The Enterprise mainly supplies its hides and skins to tanneries, like Sheba, and private traders that supply to factories. The Enterprise sold the hide of cattle during the holiday for a price of 6.2 Br a kilo before tax, while it sold the first grade skin for 65 Br per piece and the second grade for 25 Br. The company also sold the first grade goat skins for 42 Br and the second grade for 16 Br.

The Enterprise has received 174,000sqm of land around Hanna Mariam, in the Nifas Silk Lafto district, where it will relocate. This will take place with a 50 million euro fund that it expects to receive from the French government. The new facility could help the Enterprise to improve the quality of the skins and hides it produces, Ataklti says.

The sector has continued for years to deliver below government expectations. The government’s plan for the previous five-year economic plan, which ended in 200910, was a revenue of 500 million dollars from exports the achievement was only 205 million dollars. The Growth amp Transformation Plan (GTP) targets a 500 million dollar revenue by its final year, 201415. Its revenue in the last fiscal year was 125 million dollars. The sector is among eight – including sugar, cement, metal, textile and garment industries – that the government has emphasised for the period.

The supply gap has been addressed through imports, which, by 2013, had reached 1.5 billion Br, according to the CSA.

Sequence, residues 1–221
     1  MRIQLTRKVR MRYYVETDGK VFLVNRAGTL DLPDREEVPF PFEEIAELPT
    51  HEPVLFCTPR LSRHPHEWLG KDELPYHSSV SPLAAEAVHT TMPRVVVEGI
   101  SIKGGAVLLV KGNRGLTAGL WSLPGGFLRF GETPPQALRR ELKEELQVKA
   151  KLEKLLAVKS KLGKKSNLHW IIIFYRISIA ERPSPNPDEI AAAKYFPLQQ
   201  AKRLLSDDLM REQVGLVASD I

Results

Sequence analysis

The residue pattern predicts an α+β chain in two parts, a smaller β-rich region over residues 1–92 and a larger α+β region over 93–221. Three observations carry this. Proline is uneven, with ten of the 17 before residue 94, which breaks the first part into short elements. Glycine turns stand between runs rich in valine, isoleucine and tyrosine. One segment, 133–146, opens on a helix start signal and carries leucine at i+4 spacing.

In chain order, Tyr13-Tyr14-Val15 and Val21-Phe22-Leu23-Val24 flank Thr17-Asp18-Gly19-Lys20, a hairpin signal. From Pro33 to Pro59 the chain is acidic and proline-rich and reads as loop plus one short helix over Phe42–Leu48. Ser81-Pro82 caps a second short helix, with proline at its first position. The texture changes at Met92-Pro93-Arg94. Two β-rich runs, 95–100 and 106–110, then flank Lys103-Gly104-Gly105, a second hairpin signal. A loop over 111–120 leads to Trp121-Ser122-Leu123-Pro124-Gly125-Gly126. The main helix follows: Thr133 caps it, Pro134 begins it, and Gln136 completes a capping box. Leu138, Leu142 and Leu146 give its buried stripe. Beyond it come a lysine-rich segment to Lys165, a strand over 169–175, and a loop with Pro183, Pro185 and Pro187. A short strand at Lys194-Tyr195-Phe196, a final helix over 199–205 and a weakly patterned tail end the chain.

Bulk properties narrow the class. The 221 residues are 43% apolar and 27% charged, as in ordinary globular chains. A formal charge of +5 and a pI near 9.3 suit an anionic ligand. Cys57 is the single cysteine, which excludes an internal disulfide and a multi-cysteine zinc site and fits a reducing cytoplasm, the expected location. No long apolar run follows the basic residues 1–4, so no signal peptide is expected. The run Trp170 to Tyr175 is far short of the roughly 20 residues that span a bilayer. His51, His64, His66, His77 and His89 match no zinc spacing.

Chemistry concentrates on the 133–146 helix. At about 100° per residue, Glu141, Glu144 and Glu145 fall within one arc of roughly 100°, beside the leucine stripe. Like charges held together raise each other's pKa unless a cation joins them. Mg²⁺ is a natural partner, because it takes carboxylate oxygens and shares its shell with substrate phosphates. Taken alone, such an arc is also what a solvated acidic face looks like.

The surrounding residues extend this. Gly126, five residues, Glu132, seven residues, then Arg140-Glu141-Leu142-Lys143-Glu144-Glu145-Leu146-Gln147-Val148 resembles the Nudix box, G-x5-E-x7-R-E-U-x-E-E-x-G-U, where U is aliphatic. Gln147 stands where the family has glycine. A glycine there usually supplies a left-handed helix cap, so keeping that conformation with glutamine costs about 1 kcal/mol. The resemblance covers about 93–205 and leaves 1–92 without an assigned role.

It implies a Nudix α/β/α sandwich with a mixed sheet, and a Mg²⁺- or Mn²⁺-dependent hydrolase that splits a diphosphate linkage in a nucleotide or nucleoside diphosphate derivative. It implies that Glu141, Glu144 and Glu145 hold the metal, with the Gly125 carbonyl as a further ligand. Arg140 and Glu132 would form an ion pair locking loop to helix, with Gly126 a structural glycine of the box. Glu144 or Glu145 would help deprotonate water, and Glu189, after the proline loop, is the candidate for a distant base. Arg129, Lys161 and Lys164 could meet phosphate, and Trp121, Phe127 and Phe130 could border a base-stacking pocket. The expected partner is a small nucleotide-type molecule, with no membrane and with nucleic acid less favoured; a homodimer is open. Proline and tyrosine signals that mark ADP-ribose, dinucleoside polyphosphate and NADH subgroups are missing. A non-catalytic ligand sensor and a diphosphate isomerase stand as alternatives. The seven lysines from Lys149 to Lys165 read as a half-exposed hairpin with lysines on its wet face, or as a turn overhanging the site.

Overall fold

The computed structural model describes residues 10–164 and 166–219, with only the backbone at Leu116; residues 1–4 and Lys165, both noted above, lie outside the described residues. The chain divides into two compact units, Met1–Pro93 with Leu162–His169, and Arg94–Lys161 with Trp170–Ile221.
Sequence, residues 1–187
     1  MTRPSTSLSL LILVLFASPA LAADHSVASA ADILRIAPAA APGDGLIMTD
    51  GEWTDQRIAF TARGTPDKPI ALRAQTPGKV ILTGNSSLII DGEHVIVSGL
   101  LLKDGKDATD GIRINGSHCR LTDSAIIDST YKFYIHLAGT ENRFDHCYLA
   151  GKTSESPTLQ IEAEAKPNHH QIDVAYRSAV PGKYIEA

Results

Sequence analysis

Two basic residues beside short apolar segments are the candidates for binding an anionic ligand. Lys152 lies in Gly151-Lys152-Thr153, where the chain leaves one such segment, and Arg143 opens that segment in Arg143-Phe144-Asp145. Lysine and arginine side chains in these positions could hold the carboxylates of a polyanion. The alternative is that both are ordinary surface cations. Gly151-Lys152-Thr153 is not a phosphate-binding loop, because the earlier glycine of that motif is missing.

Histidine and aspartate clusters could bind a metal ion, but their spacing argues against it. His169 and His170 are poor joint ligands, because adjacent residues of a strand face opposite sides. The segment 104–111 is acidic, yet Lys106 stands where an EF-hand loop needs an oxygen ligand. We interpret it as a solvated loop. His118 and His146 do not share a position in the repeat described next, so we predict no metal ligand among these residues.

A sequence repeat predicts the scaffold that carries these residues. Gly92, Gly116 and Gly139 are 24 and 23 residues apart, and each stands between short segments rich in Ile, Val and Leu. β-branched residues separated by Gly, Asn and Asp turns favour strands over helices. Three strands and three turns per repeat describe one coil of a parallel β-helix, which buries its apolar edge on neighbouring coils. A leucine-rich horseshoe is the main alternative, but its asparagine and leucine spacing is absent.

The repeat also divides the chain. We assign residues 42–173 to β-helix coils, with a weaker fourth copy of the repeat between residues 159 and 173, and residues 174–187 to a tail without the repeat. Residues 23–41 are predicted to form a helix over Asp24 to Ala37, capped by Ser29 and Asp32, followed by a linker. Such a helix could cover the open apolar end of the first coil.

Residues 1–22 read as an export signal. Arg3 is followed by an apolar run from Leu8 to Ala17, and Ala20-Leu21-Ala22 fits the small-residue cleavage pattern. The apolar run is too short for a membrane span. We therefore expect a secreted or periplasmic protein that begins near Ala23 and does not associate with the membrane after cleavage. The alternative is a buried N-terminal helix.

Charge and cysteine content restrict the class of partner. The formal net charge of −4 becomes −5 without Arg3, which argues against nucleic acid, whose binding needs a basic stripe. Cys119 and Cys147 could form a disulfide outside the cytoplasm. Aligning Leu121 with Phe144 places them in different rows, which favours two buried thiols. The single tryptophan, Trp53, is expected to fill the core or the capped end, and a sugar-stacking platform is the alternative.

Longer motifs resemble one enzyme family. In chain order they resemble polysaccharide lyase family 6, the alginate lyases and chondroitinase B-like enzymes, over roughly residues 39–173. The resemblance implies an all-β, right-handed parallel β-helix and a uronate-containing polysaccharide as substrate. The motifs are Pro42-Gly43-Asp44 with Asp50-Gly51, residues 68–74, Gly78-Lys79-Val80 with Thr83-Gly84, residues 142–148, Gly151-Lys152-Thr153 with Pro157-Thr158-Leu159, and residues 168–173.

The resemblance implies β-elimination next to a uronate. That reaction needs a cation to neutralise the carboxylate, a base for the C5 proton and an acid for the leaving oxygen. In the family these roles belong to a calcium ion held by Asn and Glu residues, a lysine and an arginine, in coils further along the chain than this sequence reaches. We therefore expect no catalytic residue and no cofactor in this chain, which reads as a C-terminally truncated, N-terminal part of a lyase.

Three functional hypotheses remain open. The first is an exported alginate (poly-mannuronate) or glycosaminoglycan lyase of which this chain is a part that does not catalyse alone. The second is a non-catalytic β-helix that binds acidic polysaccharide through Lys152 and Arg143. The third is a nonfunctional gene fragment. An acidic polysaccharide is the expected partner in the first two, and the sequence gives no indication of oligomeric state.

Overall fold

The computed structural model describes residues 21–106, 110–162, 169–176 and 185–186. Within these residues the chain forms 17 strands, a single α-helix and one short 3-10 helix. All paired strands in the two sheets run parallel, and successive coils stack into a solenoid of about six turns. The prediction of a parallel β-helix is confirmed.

The Ethiopia Tannery S.C is one of those tanneries that are procuring the inputs they need from the domestic market, as well as through importation. Located in Modjo, around Lake Koka, in the Oromia region, the 40-year-old factory now works at 80pc of its capacity, which is 12,000 sheep or goat skins a day and 1,200 cattle hides a day, according to Dagnachew Demelash, finance director of the tannery.

“Our company has been importing hides and skins for the past four years,” Dagnachew told Fortune. “Four years ago, during a shortage, our company has imported five containers of sheep skin from Yemen. And two years ago, we have imported four containers of cattle skin from Malawi.”

This year, the Company is testing the waters, but has not yet began that much level of importation.

“We are testing the results of the sheep skins that we imported from Somaliland,” said the finance manger.

Tesfaye agrees with this.

“The shortage is mainly in sheep skin,” he told Fortune.

Ethiopia is expected to import 10.5 million skins in this fiscal year, according to the ELIDI. Yet there is reluctance from the side of the factories to import because of logistical problems and other costs, according to the institute.

The Ethiopia Tannery has bought sheep skins for 65 Br, while it paid 160 Br for a feresula of cattle hide during this holiday. The Company, with its 810 permanent and temporary workers, plans to continue importation this year and in the future. And the improvement in the logistics handling of the multi modal system is encouraging for the importation of perishable products like hides and skins, unlike in the past where there was much wastage because of a time lag at the port and through the channel, according to Dagnachew.

The domestic supply is cheaper and sometimes can be of better quality, but to avoid the shortage in the market, tanneries should really see the importation of hide and skin as a strategic alternative. This is especially true for imports from immediate neighbours like Sudan, Yemen and Somaliland, the institute aises.

Source : Addis Fortune

Leave a Reply